Spring is finally here! I had the pleasure of getting out of the city to harvest some stinging nettles this week. As an urbanite, I really crave that connection that I get from picking my food from the forest. I have months of supply of free, nutritious greens in my freezer- and extra for drying and also benefited from slowing down to collect my food, rather than hurrying up at the grocery store.
Nettles were actually one of the first plants that I learned how to identify; as a little girl on the farm, running around in shorts and skirts in the summertime, I learned the hard way to avoid these plants as they have a nasty bite!
I remember my Granny telling me that when her family had settled the farm, coming all the way from Scotland with 10 kids and no money, they never starved because of the wild foods available; even on the seemingly barren prairie land. Stinging nettles, dandelion greens, rabbits and deer sustained the family until the trees they planted grew enough to protect the fields from blowing away. She remembered that her mum could gather them with her bare hands!
Well, they definitely made people tougher back then. Speaking of strength; I have experienced the strengthening and sustaining power of there yummy wild greens. In Holistic Nutrition School, we learned of the properties of nettles. I had forgotten that my Granny had told me tales of her family eating them until I was reminded in school about them. Despite their prickly exterior, they are packed full of iron and calcium, they really are a girl’s best friend!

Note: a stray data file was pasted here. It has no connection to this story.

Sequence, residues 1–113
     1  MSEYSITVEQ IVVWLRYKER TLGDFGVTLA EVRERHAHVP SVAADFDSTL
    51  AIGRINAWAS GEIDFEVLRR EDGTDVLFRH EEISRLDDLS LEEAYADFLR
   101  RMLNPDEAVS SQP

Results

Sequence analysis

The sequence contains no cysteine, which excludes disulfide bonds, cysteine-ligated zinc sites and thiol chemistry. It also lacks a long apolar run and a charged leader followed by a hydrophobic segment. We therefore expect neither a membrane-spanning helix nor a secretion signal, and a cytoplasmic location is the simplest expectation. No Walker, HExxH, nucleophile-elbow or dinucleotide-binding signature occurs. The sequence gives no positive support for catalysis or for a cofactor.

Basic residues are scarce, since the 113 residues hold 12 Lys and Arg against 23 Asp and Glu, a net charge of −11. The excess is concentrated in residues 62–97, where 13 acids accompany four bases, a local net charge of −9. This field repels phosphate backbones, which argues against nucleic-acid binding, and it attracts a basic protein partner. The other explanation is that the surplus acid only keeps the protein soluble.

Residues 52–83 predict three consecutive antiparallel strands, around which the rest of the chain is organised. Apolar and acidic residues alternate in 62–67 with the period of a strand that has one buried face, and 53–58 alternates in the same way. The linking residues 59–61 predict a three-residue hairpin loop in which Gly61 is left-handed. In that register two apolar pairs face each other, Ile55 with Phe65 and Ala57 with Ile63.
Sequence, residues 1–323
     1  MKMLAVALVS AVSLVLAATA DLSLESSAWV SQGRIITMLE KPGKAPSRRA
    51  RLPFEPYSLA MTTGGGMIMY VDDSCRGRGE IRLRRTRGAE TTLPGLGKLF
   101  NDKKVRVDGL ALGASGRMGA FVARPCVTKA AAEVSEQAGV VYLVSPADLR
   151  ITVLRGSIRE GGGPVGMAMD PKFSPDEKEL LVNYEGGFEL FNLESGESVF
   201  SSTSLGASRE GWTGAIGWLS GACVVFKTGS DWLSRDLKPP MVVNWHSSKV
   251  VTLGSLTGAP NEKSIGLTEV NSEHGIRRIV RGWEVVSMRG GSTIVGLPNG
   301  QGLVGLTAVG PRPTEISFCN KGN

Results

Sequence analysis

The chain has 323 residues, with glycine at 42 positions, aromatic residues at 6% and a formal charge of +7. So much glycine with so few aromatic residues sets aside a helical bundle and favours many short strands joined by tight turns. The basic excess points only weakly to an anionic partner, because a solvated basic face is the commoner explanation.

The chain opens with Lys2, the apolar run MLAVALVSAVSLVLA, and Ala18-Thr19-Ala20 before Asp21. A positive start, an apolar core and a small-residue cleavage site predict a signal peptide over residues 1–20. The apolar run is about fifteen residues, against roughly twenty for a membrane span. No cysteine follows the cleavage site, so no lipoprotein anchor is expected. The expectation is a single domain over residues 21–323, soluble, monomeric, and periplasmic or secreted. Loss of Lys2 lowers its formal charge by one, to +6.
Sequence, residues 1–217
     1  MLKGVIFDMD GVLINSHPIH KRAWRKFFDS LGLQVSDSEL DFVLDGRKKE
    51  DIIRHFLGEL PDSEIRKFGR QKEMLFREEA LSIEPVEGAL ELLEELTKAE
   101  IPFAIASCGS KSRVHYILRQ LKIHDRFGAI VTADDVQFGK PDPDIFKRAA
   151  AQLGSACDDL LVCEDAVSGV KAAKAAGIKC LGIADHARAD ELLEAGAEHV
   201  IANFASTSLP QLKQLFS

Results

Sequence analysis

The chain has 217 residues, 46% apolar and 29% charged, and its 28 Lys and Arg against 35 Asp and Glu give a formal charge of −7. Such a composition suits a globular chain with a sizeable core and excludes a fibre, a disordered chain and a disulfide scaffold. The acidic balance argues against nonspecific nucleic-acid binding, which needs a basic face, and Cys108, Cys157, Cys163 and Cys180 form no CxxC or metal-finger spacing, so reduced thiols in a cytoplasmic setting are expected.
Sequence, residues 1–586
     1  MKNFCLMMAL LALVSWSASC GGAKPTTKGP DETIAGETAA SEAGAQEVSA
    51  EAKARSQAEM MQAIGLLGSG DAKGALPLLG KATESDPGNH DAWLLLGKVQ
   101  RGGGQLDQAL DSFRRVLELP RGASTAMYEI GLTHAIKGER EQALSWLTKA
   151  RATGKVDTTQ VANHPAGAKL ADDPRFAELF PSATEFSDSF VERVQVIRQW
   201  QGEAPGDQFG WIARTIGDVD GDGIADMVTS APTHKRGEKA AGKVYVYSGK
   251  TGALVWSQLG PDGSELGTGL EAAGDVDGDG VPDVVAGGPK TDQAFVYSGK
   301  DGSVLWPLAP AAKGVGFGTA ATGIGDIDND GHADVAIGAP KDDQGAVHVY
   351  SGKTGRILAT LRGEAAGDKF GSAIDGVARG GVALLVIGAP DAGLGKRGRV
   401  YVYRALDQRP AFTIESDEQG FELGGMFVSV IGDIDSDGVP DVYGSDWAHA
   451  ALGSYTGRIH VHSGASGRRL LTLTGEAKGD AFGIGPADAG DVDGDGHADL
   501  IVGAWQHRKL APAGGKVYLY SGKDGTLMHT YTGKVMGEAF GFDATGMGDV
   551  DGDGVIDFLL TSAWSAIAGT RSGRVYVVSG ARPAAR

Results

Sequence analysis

I forage them alongside the creeks and ditches in an area where the air and soil are clean. I then take them home and plunge them in cold water. Using heavy duty rubber gloves, I pick the tender leaves from the tougher stock and those that I am not eating right away, I blanch them and freeze them for future use. I brought some nettles into my recent Spring Cleansing cooking class and was encouraged about how many of the students had not had them before but had lots of interest in learning how to forage wild plants. My best advice is to tag along with someone who’s had experience. they will show you how to pick the plant so that it will grow back and how to correctly identify it.
Nettles are a great plant to start foraging for beginners because they don’t resemble any poisonous plants and they grow in abundance. (Most people call them a weed. Gardeners and farmers will be happy for you to take their nettles for them!)
Making this tasty all-season’s pesto (click link to download recipe) with the cooked nettles is one of the yummiest ways to enjoy them. On pizza or pasta, as a sandwich spread…
In a culinary sense, basically just treat them like a super powered spinach. Ten seconds of cooking by roasting, blanching, steaming or sauteing completely disarms them and renders them nutritious and tasty.
Drying the nettles also disarms their sting. Pour boiled water over them to make a cup of iron-rich tea. Nettle tea has been used for centuries by women to build blood during and after menses and pregnancy.